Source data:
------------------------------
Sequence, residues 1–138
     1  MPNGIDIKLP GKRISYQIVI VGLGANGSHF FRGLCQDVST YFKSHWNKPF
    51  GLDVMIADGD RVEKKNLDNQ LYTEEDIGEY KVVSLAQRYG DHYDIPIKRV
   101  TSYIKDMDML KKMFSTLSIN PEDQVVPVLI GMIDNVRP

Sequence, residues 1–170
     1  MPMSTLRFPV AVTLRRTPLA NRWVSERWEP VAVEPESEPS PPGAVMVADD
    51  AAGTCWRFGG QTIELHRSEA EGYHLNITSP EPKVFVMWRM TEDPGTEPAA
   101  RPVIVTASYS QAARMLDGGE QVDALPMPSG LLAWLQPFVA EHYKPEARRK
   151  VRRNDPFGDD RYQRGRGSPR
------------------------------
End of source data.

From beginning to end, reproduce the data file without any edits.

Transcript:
Sequence, residues 1–138
     1  MPNGIDIKLP GKRISYQIVI VGLGANGSHF FRGLCQDVST YFKSHWNKPF
    51  GLDVMIADGD RVEKKNLDNQ LYTEEDIGEY KVVSLAQRYG DHYDIPIKRV
   101  TSYIKDMDML KKMFSTLSIN PEDQVVPVLI GMIDNVRP

Sequence, residues 1–170
     1  MPMSTLRFPV AVTLRRTPLA NRWVSERWEP VAVEPESEPS PPGAVMVADD
    51  AAGTCWRFGG QTIELHRSEA EGYHLNITSP EPKVFVMWRM TEDPGTEPAA
   101  RPVIVTASYS QAARMLDGGE QVDALPMPSG LLAWLQPFVA EHYKPEARRK
   151  VRRNDPFGDD RYQRGRGSPR